“One of the worst moments was on Easter morning many years ago. . . . Clearly the place was already packed. . . . I turned round and saw a man I knew a bit, a very senior and distinguished person in the city. I was flattered to be recognized and singled out. . . . ‘Come with me: he said conspiratorially. He led me forward, past the queue, to one of the ushers. ‘I am Lord Smith: he said to the man . . . . ‘I would be grateful if you could find my friend and myself somewhere to sit.’ Before I had time to think, the two of us were escorted right to the front of the church, where we were given excellent seats . . . . But I didn’t enjoy it. I was thinking of James chapter 2, and wondering if either my acquaintance or the usher had read it recently. . . .the whole passage simply rules out any question of pulling social rank in church. This is part of what James means at the end of the previous chapter by not letting the world leave its dirty smudge on you. The world is always assessing people, sizing them up, putting them down, establishing a pecking order. And God, who sees and loves all alike, wants the church to reflect that generous, universal love in how it behaves. In some parts of the early church they had a rule . . . that if a stranger came in, particularly a poor stranger, the bishop himself would leave his chair and go to the door to welcome the newcomer. I have often wished I had the courage to do that.” N. T. Wright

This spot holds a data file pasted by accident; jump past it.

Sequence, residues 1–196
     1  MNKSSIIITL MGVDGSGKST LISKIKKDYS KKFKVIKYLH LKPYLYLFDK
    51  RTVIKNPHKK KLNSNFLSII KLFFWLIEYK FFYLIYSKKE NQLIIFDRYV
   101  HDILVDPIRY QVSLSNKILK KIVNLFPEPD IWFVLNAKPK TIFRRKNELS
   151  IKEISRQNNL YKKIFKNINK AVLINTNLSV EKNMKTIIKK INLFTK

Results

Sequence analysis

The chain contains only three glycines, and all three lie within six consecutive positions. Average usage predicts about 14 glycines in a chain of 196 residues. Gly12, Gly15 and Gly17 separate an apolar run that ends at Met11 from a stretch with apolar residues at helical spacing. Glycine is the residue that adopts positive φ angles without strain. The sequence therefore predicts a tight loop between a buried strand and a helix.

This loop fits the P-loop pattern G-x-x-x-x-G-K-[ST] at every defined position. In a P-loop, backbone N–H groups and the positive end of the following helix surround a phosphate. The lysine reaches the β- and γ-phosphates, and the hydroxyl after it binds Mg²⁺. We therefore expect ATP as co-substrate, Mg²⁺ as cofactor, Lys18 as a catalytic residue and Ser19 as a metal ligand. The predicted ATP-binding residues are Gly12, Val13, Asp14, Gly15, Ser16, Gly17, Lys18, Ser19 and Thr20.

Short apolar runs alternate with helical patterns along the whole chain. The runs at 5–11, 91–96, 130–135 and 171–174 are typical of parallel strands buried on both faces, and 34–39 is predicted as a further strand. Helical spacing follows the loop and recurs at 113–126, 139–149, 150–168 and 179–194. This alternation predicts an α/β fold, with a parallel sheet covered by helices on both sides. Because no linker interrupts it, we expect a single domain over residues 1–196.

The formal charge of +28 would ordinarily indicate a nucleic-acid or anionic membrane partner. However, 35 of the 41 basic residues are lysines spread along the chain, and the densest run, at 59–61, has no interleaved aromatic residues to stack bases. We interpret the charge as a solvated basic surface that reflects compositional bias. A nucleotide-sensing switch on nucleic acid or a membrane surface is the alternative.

“Did God not choose the poor of this world
to be rich in faith and heirs of the kingdom which He promised
to those who love Him? But you have dishonored the poor man.”
Moving From Head to Heart
*Is there a “privilege pecking order” at work in your church? Are you a victim of it? . . . its perpetrator?
*How does status or lack of status affect your church experience?
*Can you determine to show “preferential treatment” to those at the bottom of the pecking order? Can you work to “see”, speak to, and include such persons?
*What grade does your church receive when it comes to honoring all comers equally? . . . with the same access? . . . the same affection? Do you need to find a new church?
God, I confess my part in this eternal problem. May real change begin with me.
For More: The Early Christian Letters for Everyone by N. T. Wright
Thanks for reading my blog! Please extend my reach by reposting on your social media platforms. If you like these topics and this approach, you’ll like my book Wisdom From the Margins.